Islamic Art

Professor: Marco Di Branco
Language: English/Arabic
Hours: 60 hr (+20 hr of tutoring)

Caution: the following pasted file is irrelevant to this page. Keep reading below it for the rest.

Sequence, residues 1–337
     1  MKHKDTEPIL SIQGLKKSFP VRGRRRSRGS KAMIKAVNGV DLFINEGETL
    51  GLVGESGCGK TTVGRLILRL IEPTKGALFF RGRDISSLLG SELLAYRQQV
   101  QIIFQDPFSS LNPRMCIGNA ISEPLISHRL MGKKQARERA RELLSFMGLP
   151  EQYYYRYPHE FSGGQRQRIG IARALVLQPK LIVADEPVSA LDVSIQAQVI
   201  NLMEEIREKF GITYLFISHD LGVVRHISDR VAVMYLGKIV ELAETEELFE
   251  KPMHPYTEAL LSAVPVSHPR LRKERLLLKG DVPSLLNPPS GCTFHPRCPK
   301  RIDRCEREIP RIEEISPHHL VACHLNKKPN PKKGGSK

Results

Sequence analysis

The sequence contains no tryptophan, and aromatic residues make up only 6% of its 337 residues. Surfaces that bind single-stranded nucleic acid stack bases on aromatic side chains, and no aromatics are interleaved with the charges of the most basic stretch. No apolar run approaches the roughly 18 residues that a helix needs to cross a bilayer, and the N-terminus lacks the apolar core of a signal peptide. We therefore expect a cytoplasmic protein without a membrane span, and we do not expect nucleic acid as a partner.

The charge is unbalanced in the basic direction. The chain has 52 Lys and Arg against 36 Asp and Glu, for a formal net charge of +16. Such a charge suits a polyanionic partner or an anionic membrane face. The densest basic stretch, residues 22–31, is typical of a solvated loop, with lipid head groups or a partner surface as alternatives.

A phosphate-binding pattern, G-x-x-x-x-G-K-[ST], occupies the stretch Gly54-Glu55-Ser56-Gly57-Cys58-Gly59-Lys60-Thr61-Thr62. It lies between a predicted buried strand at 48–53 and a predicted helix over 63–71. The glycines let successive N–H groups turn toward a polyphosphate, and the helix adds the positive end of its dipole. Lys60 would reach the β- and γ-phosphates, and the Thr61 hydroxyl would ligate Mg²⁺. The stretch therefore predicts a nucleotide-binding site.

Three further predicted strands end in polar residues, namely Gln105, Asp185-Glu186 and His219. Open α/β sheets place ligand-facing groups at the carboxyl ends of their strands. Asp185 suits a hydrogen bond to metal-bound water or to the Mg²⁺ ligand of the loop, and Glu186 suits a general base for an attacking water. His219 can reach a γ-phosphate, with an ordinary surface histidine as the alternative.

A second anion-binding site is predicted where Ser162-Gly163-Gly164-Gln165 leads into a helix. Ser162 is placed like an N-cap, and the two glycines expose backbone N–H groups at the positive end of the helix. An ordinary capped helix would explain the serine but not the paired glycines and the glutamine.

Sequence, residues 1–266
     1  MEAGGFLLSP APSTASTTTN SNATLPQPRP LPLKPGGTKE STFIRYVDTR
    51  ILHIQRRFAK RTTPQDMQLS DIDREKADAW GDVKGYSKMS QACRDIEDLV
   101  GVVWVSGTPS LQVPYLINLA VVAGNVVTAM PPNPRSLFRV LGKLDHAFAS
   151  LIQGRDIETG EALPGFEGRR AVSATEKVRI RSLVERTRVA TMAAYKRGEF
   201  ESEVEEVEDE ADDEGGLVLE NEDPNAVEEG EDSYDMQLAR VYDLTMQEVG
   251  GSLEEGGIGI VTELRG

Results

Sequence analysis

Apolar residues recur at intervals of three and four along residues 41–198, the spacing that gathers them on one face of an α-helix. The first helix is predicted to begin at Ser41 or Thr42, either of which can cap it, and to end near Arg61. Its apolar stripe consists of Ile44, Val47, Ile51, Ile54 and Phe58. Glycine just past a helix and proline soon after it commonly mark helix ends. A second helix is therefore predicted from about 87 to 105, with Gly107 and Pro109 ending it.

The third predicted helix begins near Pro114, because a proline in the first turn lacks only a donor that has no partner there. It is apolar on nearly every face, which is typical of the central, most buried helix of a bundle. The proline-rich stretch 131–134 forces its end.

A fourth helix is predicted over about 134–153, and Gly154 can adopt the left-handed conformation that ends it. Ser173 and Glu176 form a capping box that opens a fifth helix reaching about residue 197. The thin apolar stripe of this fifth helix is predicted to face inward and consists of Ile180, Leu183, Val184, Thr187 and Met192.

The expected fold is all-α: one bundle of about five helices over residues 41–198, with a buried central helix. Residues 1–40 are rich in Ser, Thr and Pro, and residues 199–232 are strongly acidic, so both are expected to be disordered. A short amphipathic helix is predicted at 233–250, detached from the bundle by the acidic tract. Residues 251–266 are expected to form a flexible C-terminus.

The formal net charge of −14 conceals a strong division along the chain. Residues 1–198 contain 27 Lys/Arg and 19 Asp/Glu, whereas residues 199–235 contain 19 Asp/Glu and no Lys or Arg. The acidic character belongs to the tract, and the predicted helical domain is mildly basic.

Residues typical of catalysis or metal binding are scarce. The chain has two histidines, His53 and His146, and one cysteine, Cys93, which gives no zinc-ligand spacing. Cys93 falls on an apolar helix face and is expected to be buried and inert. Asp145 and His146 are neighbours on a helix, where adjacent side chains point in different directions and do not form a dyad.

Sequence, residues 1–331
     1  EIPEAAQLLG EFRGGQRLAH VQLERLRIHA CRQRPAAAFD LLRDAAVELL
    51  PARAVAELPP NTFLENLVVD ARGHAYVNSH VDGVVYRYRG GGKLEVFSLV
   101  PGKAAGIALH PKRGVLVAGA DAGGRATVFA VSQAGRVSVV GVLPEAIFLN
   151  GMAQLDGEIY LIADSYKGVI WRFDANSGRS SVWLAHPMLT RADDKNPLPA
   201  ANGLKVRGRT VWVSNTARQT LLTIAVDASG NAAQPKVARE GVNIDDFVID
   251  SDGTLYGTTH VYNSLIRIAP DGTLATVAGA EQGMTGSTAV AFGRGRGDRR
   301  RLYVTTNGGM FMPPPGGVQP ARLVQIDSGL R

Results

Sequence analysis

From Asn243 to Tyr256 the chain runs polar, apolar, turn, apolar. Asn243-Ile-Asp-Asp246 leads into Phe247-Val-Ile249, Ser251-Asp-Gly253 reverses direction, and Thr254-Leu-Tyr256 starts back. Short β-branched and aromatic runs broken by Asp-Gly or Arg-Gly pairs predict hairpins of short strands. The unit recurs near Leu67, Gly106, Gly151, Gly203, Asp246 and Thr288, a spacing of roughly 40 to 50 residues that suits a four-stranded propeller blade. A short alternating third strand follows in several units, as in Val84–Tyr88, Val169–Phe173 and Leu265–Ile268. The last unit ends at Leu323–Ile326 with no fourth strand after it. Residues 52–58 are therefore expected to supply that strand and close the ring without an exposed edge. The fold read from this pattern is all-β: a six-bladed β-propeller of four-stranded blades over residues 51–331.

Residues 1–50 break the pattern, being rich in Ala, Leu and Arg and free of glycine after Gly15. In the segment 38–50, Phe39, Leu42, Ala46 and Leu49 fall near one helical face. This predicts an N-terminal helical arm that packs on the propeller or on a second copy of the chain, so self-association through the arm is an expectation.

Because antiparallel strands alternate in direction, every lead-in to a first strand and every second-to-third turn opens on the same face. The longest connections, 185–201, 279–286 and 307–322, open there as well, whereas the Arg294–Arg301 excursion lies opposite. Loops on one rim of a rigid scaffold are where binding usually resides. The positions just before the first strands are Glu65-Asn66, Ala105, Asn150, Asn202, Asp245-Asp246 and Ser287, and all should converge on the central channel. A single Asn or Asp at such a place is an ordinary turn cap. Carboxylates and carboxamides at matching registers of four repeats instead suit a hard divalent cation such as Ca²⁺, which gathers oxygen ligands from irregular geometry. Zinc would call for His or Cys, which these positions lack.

This course aims to define the ways Islamic art was formed and to identify the subjects, forms, and attitudes developing over a vast area after 634:in that year the Islamic conquest began to extend beyond Arabia itself. Another aim is to focus on the more complex question about absolute and relative times in the creation of a new artistic tradition, or when we are entitled to use the term Islamic for the monuments of the area taken over by the new faith. The course will provide a sort of archaeological view of the lands conquered by Islam, in order to clarify when a work of art or a material object can properly be considered Islamic. Knowledge about the local art cannot be limited to Muslim monuments alone or to the nature of Muslim influence. It must also include some insights about the reality before and at the time of the Islam conquest. There was a ‘landscape’ of things and monuments against which, or according to which, Muslim creations were made and the degree of uniqueness and originality of the Muslim element depended on the nature, strength, and vitality of local artistic traditions. Another very important purpose of the course is to outline the various Islamic artistic techniques, to explain the history of various typologies of Islamic monuments, and to analyse in situ the Medina of Fes both in its urban and archaeological aspects.